Groovy Enhancement Proposal













Paul King



Last modification:


Abstract: Modularization

Parts of GEP-9 have been incorporated into Groovy 2.0. Please see the Groovy 2.0 documentation for further details, e.g.: Creating an extension module


This GEP introduces the goals and proposed details behind a modularization effort that will:

This activity builds upon the work discussed previously: Groovy 2.0 modularization and the somewhat older profiles discussion Packaging and Modularity.

This document is part work in progress and part proposals and ideas. The final details may change from what is discussed here. User feedback (preferably on the user mailing list) is greatly appreciated.

Out of scope

While we should keep a watching brief on other modularization efforts, at this stage we are anticipating structural changes to the Groovy classes which are orthogonal to eventually using something like OSGi or Java 8's Jigsaw modularization.

Jar groupings

At the moment, Groovy provides two main jar artifacts:

After modularization, the main Groovy codebase will be packaged into additional jar artifacts:

Recommendations/suggestions for jar groupings are welcome. See some more details in the accompanying discussion: Groovy 2.0 modularization.

One of the goals of this bundling effort is to facilitate Groovy's evolution as a language by enabling:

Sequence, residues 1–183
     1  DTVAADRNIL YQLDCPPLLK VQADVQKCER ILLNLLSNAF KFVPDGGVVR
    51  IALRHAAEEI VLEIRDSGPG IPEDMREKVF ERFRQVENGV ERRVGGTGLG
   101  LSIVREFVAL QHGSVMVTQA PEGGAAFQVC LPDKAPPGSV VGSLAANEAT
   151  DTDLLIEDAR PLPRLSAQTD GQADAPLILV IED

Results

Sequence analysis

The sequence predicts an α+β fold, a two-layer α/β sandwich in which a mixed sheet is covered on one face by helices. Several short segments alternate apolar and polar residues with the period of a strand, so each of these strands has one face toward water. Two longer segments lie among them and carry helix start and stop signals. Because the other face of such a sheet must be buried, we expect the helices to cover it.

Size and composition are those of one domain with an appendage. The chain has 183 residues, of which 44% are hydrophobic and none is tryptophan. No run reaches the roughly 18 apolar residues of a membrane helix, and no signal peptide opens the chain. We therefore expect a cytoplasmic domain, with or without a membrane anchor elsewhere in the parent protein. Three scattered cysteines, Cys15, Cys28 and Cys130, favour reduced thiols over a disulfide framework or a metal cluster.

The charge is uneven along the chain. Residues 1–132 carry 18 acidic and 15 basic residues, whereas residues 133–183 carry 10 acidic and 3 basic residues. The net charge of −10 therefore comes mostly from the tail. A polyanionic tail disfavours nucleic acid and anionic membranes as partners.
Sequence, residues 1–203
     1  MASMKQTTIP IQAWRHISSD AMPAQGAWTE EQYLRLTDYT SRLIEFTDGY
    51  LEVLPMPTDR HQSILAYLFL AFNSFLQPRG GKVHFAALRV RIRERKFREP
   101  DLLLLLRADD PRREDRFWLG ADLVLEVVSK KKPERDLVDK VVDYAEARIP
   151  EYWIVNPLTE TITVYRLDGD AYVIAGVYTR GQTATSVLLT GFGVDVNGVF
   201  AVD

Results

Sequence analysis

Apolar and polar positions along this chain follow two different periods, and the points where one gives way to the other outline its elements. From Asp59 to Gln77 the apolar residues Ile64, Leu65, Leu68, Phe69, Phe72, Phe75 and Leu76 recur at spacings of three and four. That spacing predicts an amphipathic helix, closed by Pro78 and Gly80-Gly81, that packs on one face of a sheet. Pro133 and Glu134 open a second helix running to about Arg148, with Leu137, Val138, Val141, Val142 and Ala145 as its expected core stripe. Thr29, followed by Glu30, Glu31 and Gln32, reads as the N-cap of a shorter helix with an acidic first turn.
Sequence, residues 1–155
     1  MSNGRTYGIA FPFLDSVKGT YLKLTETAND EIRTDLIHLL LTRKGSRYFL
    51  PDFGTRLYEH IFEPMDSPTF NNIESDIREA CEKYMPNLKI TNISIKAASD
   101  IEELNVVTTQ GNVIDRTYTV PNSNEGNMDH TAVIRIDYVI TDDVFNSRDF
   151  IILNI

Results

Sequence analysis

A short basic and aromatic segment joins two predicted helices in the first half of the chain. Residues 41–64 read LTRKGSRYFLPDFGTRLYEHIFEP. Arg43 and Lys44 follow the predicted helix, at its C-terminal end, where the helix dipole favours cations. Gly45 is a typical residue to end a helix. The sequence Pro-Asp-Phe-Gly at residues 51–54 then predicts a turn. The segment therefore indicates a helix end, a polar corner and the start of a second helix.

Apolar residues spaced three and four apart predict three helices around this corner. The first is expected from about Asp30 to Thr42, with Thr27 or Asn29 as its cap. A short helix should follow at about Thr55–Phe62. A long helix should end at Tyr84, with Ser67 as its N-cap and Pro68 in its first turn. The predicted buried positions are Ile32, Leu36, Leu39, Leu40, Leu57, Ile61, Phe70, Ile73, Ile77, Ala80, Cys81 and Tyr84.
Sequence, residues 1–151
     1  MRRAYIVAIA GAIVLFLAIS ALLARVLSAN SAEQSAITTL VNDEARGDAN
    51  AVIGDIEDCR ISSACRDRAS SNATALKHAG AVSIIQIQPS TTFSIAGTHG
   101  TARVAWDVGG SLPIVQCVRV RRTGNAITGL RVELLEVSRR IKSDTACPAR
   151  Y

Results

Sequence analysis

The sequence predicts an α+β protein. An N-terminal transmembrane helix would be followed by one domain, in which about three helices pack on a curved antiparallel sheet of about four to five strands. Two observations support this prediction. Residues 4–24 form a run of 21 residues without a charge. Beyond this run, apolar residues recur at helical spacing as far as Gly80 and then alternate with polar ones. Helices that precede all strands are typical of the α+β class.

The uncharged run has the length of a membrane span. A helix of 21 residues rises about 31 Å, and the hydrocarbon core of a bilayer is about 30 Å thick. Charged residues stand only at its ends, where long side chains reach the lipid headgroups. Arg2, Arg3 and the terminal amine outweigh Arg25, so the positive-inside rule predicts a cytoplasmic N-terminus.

Configuring a Groovy installation

Groovy bootstraps its configuration using a file in the conf/groovy-starter.conf file. It has entries like this:

# load required libraries
load !{groovy.home}/lib/*.jar

with required jars being in a lib directory which is part of a Groovy install.

The groovy install will now likely have a "modules" (or components or repository) directory.
The groovy-starter.conf file will have additional entries such as:

# load SQL component
grab org.codehaus.groovy groovy-sql 1.9.0
# load XML component
grab org.codehaus.groovy groovy-xml 1.9.0

Grapes are loaded via Ivy and configured from a settings file. This file might have an additional entry:

<ibiblio name="modules" root="file:${groovy.home}/modules/" m2compatible="true"/>

The Ivy library (or perhaps the wharf or aether libraries) will likely become a required jar - though it may be
that only a very limited form of grab is supported in which case no additional library might be necessary.

Runtime hooks/registration

When downloading a grape, the classes from its jar are added (currently appended) to the classpath. In addition, we are planning on supporting additional integration points:

potential hook



allow the module to define additional category methods


allow the module to define additional static category methods


allow the module to define additional expandometaclass methods


allow the module to define additional metaclasses similar to the current magic package mechanism**


allow the module to define additional category methods which have been serialized


allow the module to define additional normal, star, static imports, aliases